A privategroup planning to launch a moon rover to the famed Apollo 11 landing site in abid to win a $20 million prize announced an ambitious plan Thursday to sendfive more spacecraft to explore the lunar poles.
The Pittsburgh,Pa.-based firm Astrobotic Technology, Inc., led by Carnegie Mellon Universityroboticist William "Red" Whittaker, announced plans to launch itsfirst rover to NASA?s Tranquility Base in May 2010 to win the GoogleLunar X Prize competition, the company announced Thursday.
Astroboticis one of 14 teams currently in therunning for the prize, an international competition with up to $30 million ?tothe first privately-funded team capable of landing a mobile spacecraft of themoon, driving it for a third of a mile (500 meters) and beaming homehigh-definition television of the feat. The first team to do so successfully byDec. 31, 2010, wins the $20 million first prize. Second place and bonus prizeseach garner about $5 million.
The competitionis sponsoredby Google and managed by the X Prize Foundation of Santa Monica, Calif.
?It wasvery clear that it was going to cost more to win the prize than the prizeitself,? said David Gump, president of Astrobotic, in a telephone interview.?So we really needed to provide a coherent strategy for a series of missionsthat could benefit investors and get them to come in and fund us up front.?
Under theplan, the inaugural flight would be followed by three more privately-fundedpolar rovers, as well as a lander and a moon dozer, to explore the moon forpotential lunar base sites or scan for water ice, according to a white paperreleased today. Each of the missions is targeted at various high-interest spotson the moon, where Astrobotic probes would observe the lunar surface and theeffects of the lunar environment on spacecraft, as well as test technologiesfor future exploration.
The datafrom each Astroboticmoon shot will be added to a core library and be available for customersfor engineering purposes or scientific research aimed at future exploration,Gump said.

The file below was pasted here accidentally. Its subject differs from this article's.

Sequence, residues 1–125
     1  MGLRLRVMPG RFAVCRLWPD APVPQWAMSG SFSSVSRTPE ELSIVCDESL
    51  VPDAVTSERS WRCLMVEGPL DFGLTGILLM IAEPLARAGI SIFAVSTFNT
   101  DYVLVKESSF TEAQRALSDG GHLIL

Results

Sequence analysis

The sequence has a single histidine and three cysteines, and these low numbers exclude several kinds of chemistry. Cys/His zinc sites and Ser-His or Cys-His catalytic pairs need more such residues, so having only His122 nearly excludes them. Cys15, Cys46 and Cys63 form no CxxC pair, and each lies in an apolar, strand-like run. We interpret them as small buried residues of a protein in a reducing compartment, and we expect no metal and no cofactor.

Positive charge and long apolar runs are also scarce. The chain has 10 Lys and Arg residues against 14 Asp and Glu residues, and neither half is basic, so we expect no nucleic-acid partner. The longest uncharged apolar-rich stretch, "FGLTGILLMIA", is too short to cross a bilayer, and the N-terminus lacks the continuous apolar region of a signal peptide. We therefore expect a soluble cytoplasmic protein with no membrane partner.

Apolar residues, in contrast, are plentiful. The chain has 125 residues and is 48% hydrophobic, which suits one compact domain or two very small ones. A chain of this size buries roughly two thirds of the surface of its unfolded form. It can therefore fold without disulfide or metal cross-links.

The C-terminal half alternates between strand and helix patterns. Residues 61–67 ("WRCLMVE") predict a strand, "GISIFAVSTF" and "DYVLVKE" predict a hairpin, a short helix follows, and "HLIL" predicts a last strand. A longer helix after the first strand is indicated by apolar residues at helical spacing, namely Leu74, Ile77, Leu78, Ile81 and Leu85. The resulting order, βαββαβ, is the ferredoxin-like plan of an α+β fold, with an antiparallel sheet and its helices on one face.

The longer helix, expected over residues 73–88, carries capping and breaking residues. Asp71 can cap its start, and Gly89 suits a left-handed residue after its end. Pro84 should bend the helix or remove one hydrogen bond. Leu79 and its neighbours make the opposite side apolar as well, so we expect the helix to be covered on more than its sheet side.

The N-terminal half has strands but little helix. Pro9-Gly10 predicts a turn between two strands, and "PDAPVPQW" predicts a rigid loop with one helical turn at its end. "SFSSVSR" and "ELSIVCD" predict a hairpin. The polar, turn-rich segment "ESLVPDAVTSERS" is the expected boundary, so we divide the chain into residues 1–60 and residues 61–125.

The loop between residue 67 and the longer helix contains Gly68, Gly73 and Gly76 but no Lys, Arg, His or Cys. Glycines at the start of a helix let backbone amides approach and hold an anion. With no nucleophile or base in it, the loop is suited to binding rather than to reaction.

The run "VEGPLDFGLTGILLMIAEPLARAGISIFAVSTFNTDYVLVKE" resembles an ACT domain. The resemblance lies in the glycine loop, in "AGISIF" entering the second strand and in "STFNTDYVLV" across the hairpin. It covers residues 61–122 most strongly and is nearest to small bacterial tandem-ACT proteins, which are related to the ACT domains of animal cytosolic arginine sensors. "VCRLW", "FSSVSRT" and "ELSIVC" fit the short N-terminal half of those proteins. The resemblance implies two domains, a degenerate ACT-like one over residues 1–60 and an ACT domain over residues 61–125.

?As we doadditional missions, it grows richer and more valuable to the space agenciesand the companies that would license access to it,? he told SPACE.com.
Astroboticreleased the new report at a joint meeting of the International LunarExploration Group, Space Resources Roundtable and the Lunar ExplorationAnalysis Group in Cape Canaveral, Fla.
Beyondthe Lunar X Prize
Astrobotic?sfirst mission, the Tranquility Trek, will feature a four-wheeled rover equippedwith cameras and other sensors to observe the lunar surface and Apollo 11landing site. In addition to returning high-definition television views of themoon, the 132-pound (60-kg) rover is expected to study how the remains ofNASA?s Apollo 11 lander Eagle have fared since the July 1969 moon shot andmeasure how lunar regolith builds up on solar panels, Astrobotic officialssaid.
Great carewould be taken to preserve Tranquility Base for its historical significanceduring the mission, Gump said, adding that telephoto camera lenses and smartsoftware would help the mission avoid treading on the boot prints left byastronauts Neil Armstrong and Buzz Aldrin.
Accordingto Astrobotic?s lunar exploration plan, two small rovers would follow theTranquility Trek in 2011 and 2012 on separate ice-hunting expeditions alongcrater rims of the moon?s polar regions. The first would visit the south pole?sShackleton Crater, a potential site for future NASA moon bases, while the otherwould visit a crater rim around the north lunar pole.
A landerwould follow in 2012, touching down at Shackleton Crater for long-term studiesof moonquakes and the lunar environment, Astrobotic officials said. Anotherrover would follow in 2013 to actually roll onto the Shackleton Crater floor tohunt for ice, with a ?moon dozer? to follow later that year to testconstruction and regolith moving techniques.
Futurerovers may eventually also be tailored from existing designs to seekmission-specific data requested by customers, Gump said. Astrobotic has arocket in mind to launch its future fleet of moon probes, but will announce thebooster provider at a later date, he added.
Astrobotic?score of technical rover know-how from Carnegie Mellon and its business base forproject management form a steady platform from which to shoot for the moon,Gump said.
?I thinkwe?ll make this successful, compared to some of the things in the ?90s thatdidn?t work out,? he added.
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Tariq is the Editor-in-Chief of Space.com and joined the team in 2001, first as an intern and staff writer, and later as an editor. He covers human spaceflight, exploration and space science, as well as skywatching and entertainment. He became Space.com's Managing Editor in 2009 and Editor-in-Chief in 2019. Before joining Space.com, Tariq was a staff reporter for The Los Angeles Times covering education and city beats in La Habra, Fullerton and Huntington Beach. In October 2022, Tariq received the Harry Kolcum Award for excellence in space reporting from the National Space Club Florida Committee. He is also an Eagle Scout (yes, he has the Space Exploration merit badge) and went to Space Camp four times as a kid and a fifth time as an adult. He has journalism degrees from the University of Southern California and New York University. You can find Tariq at Space.com and as the co-host to the This Week In Space podcast with space historian Rod Pyle on the TWiT network. To see his latest project, you can follow Tariq on Twitter @tariqjmalik.